A Teacher’s Guide to Using the Schoolgrounds for Environmental Studies
Review courtesy of Fletcher Brown, University of Montana
Environmental education for children growing up in urban areas is often limited to a single trip to a forest preserve or state park. The hidden message behind such field trips is that the environment must be sought, and that their local community is not a part of a greater ecology. Helen Ross Russell believes that environmental education can be taught in all locales, including the hard-topped schoolyards common in urban areas. Ten-Minute Field Trips provides opportunities for students to learn about the natural processes occurring all around them, to develop a concern about the misuse of this planet, and foster a willingness and ability to initiate and support positive action on the basis of this knowledge.
The book begins with a short chapter making a strong case for schoolyard field trips — they are available to all schools; are conducive to repeated trips throughout a day, week, or school year; can easily and spontaneously be integrated into a daily lesson, even in a tightly structured teaching environment; and can be the springboard for a greater depth of inquiry by students. Before launching into field-trip ideas, there is a short chapter emphasizing the importance of fostering curiosity in learners of all ages. Russell believes that:
If schools are going to have a meaningful role in today’s world, they
must be more than dispensers of information and places to read; they
must keep alive the natural spark of curiosity, they must nurture the
ability to think, they must permit a child to grow.
The remainder of Ten-Minute Field Trips is filled with ideas for providing students opportunities to do the above. The activities are divided up under the headings of “Plants,” “Animals,” “Interdependence of Living Things,” “Physical Science,” “Earth Science,” and “Ecology.” Each section is divided into several subsections. For example, “Animals” is broken into Vertebrate Animals, Birds, Animal Tracks, Insects and Other Arthropods, and Earthworms. Each section and subsection provides background for the teacher about the general subject, classroom activities that may be taught in conjunction with the field trips, suggestions for teacher preparation, and field trip possibilities. The field trip ideas are intentionally fairly vague, so as to be relevant to a wide variety of age groups, skill levels, and school environments. For example, one of the Earth Science field trips suggests observing nearby waterways, including gutters of city streets. In this field trip, students are asked to observe the difference in the load carried by rapidly flowing water compared to slowly moving water; to find waterfalls, deltas, canyons, or outwash plains; to build a dam and observe the change in water flow and siltation. Students in urban or rural schoolyards, from kindergarten through high school, could engage in this activity, focusing on anything from an aesthetic appreciation of water systems to the physics of water dynamics.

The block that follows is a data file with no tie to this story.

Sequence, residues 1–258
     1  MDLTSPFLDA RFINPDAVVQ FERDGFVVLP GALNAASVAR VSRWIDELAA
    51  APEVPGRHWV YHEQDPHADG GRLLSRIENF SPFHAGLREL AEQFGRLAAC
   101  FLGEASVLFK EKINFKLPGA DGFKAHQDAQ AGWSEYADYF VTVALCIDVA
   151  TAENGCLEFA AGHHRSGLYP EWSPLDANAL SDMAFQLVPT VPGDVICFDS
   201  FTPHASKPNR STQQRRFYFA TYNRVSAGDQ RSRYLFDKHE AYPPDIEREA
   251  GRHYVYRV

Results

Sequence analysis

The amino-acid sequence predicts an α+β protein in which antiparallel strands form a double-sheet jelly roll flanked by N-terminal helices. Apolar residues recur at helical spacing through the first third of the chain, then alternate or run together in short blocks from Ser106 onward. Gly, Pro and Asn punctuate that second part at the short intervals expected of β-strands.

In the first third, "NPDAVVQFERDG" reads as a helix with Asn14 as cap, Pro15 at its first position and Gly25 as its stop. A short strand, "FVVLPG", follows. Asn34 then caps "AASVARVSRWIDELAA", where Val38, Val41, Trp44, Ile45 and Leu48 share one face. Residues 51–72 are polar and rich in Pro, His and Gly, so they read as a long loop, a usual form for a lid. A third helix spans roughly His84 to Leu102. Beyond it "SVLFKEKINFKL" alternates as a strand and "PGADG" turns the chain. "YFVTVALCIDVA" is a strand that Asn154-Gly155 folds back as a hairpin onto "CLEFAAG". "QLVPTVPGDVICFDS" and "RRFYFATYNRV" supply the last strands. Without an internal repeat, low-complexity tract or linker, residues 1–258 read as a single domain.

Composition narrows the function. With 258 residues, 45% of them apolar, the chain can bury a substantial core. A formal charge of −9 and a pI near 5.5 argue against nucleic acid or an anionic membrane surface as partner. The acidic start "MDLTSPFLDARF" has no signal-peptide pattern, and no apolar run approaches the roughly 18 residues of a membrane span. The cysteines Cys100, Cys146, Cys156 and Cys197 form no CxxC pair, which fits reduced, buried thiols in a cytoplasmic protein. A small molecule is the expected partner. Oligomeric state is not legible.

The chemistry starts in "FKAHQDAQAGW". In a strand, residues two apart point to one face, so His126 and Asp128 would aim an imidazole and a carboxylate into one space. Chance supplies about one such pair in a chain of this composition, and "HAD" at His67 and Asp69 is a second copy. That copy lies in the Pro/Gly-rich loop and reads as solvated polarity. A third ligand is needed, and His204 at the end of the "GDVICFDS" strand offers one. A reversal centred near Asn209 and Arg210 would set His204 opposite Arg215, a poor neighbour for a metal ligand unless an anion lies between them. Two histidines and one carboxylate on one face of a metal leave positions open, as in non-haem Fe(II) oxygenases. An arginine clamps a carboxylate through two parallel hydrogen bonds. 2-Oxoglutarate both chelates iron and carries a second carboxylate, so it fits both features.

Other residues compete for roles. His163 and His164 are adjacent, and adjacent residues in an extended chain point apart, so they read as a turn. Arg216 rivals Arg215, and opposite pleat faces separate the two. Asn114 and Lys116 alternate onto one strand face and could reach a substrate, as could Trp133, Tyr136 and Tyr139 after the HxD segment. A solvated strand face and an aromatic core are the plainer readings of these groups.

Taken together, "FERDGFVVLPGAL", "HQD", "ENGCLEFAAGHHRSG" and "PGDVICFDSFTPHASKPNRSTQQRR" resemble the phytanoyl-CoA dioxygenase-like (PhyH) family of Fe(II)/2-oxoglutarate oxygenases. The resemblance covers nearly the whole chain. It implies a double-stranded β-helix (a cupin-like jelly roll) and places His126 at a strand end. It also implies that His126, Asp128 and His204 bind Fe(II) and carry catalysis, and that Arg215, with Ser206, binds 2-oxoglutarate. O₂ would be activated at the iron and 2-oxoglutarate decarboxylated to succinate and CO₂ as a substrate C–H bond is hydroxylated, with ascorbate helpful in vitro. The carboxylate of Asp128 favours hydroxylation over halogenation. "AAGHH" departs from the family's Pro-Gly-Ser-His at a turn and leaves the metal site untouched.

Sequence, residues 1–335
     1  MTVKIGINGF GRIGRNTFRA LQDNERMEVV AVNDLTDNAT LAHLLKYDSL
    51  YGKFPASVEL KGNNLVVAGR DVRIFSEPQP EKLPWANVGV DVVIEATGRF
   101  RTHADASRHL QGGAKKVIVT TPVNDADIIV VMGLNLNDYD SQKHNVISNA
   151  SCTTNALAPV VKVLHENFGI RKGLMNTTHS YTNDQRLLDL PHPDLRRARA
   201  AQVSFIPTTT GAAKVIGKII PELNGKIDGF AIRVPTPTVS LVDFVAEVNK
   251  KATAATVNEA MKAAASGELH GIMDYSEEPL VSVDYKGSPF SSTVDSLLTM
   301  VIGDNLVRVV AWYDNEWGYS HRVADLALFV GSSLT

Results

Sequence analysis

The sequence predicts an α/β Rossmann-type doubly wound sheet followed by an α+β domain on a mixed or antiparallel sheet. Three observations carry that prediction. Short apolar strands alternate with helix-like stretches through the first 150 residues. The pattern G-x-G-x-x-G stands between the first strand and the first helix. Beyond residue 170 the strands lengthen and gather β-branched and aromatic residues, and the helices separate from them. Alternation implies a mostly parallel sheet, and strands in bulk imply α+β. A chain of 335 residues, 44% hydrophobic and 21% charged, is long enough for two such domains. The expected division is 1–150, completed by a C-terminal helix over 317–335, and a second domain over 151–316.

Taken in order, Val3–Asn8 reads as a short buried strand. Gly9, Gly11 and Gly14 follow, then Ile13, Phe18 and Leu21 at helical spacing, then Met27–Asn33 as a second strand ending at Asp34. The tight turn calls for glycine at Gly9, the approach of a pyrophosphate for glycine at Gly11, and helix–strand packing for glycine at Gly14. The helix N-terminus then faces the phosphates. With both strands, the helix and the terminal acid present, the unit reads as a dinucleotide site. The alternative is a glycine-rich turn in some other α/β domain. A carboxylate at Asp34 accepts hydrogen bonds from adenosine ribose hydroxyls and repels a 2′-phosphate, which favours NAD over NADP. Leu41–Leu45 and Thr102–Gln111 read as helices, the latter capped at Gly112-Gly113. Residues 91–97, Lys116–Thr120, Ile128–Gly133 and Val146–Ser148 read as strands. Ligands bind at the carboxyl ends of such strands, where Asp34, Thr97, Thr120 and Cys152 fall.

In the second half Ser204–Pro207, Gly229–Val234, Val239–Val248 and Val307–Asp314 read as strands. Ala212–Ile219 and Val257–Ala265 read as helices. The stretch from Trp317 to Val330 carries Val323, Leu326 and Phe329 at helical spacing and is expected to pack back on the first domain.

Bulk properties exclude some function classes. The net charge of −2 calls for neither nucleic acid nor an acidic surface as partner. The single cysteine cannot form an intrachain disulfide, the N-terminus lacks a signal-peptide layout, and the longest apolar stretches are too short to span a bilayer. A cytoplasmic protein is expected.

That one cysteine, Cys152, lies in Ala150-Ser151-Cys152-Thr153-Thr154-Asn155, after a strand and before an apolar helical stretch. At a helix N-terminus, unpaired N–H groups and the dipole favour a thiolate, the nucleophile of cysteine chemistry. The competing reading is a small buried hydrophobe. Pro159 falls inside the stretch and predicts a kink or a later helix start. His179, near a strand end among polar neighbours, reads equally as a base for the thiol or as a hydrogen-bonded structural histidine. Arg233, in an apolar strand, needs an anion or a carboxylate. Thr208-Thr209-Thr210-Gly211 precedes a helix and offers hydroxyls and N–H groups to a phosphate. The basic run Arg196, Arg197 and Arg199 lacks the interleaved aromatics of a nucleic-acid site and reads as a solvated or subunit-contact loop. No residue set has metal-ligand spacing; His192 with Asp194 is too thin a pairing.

Although originally published in 1973, Ten-Minute Field Trips is as relevant today as it was thirty years ago. It is full of great ideas for teachers who may not think that their teaching environment is conducive to hands-on environmental education, as well as for those who do. With stories and obvious excitement for the topic, Russell creates both a useful manual and an interesting read. Although written in the context of schools, most of the activities could be integrated into day and residential camp programs, nature centers, or family experiences. As Russell points out, Ten-Minute Field Trips is not a complete teaching guide, it merely “suggests possibilities which the teacher can select and adapt as a starting point.” Whether teaching in a hard-topped city school, or wild and green summer camp, this book can be a valuable resource for educators of all subjects who want to infuse their curricula with experiential activities that bring the local environment home.